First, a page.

IELTS Writing word limit: How many words should i Write?

How many words to write in IELTS task 1 | IELTS Writing word count penalty | How many words in IELTS task 2 | IELTS writing word limit

IELTS Writing word limit: How many words should I Write?

This is one of the most frequently asked questions by my students, and it’s always fascinating to hear the range of responses.

Unfortunately, there is a lot of false advice and misunderstandings on this topic. ‘You don’t have to write 250 words in writing part 2, 10% below this is OK,’ and ‘You don’t have to write 250 words in writing part 2, 10% below this is OK,’ are the two worst pieces of advice I’ve received. and ‘To achieve a decent grade, you should write as much as possible.’ These two statements are just incorrect, and they will result in a loss of marks.

Let’s begin to know some important doubts about IELTS writing word limit…

What happens if I write under the word count or IELTS writing word limit?

The only piece of advice you should follow is this: if you want to adequately answer the topic, you must write at least 250 words in part 2 and 150 words in part 1. You will lose marks under ‘Task Achievement’ if you write less than these totals because you did not answer the question correctly.

For this reason, IELTS examiners must sit and count all of your words. When an excellent candidate gives a wonderful answer but only writes 249 words in part 2, it’s heartbreaking. Regrettably, we must put them on hold.

Should I write more words to get a good mark?

No! For several reasons, this is a horrible idea.

To begin with, you only have a limited amount of time to respond to both questions. One of the most crucial skills to master in the IELTS writing exam is time management. You will lose marks on the other half if you spend too much time on one question.

Second, if you continue to write beyond the word limit, you are more likely to create grammar errors, which will lower your overall grade.

Finally, you will be evaluated on the basis of quality rather than quantity. Instead of focusing on how long your answer can be, concentrate on making it the best it can be. Remember to set some time for planning and checking in addition to writing.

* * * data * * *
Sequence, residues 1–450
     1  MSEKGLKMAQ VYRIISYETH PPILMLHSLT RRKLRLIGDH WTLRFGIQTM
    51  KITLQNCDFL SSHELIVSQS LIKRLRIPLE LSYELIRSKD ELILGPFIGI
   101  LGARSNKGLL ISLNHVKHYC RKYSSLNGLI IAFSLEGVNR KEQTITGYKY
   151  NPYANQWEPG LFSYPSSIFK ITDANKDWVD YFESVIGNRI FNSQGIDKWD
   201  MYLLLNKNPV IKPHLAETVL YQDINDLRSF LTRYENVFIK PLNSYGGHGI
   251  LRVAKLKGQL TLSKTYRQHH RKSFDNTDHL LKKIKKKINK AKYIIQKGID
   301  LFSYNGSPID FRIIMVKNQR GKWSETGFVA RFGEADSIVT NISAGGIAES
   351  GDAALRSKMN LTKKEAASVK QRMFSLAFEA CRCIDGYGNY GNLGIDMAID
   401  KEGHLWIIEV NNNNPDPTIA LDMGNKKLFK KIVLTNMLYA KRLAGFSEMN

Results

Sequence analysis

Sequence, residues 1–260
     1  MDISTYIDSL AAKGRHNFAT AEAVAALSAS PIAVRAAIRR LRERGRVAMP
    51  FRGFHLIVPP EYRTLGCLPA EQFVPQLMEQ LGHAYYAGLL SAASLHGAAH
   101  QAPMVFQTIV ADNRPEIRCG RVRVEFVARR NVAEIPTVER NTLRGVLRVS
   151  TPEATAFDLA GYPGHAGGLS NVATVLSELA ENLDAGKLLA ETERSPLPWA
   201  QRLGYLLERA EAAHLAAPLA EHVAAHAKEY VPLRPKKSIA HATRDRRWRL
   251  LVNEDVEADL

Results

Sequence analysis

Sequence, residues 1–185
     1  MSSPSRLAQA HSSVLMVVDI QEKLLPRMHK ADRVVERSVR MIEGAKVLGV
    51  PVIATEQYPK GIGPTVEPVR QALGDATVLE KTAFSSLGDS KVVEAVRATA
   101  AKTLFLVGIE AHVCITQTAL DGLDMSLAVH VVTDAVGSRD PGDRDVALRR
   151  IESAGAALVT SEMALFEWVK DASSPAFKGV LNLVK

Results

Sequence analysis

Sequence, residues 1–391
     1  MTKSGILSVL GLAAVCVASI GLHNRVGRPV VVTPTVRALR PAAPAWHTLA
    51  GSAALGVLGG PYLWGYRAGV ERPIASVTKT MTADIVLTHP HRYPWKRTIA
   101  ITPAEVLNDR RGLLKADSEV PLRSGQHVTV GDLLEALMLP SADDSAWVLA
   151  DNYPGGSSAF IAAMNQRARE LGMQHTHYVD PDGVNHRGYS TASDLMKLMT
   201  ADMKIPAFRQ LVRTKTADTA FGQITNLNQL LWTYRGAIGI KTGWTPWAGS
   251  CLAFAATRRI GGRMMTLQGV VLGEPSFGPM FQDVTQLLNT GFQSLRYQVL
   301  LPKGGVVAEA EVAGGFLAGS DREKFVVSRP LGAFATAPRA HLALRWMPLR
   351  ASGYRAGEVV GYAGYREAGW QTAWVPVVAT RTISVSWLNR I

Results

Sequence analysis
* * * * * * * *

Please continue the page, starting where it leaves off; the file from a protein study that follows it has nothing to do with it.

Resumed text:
How many words should I write?

You won’t have enough time during the exam to count all of your words. As a result, I recommend that you attempt to write 10% more than you are required to write. To put it another way, strive for 160-170 words for job 1 and 270-280 words for task 2. If you set a goal of this size, you’ll be far more likely to exceed the word count.

How do I know how many words I have in the exam?

You won’t have time to count all of your words, as previously said, but there are alternative ways to assess this. I recommend that my students print out the official IELTS writing response papers and practise utilizing them. Because all of the answer sheets are the same size, you’ll be able to see how much of the sheet you’re using for the word limit.

By practicing with the official answer papers, you will become more familiar with the test and avoid any surprises on test day.

Are all words counted the same way?

Unfortunately, the answer is no! Words with hyphens, such as ‘First-class’ or ‘State-of-the-art,’ only count as one word. ‘I’ll’ and ‘we’re’ are examples of contractions that count as one word. (Ideally, contractions should not be used in academic works.)

Words like “a,” “an,” and “the” are always included in the word count.

The word count does not include punctuation.

Can I copy words from the question?

You can copy individual words, but not entire sections of the question. Never duplicate complete sentences from the question. The examiner will deduct these words from your word count if you repeat the question, so it’s the same as writing nothing at all. You will be judged on your ability to paraphrase using synonyms, therefore work on mastering this skill to avoid plagiarism. It does not effect the IELTS writing word limit.

Successful sports professionals can earn a lot more money than persons in other key occupations, for example.

Successful athletes can earn significantly more money than persons who work in other vital jobs, for example.

As you can see, the terms successful,”money,’ and ‘important’ have been repeated, but the majority of the other words have been substituted with synonyms.

Can I repeat sentences?

Simply repeating yourself will result in the examiner excluding these words from the count. When they run out of time, some pupils try to repeat themselves. It is always preferable to write something new rather than rehash the same words.

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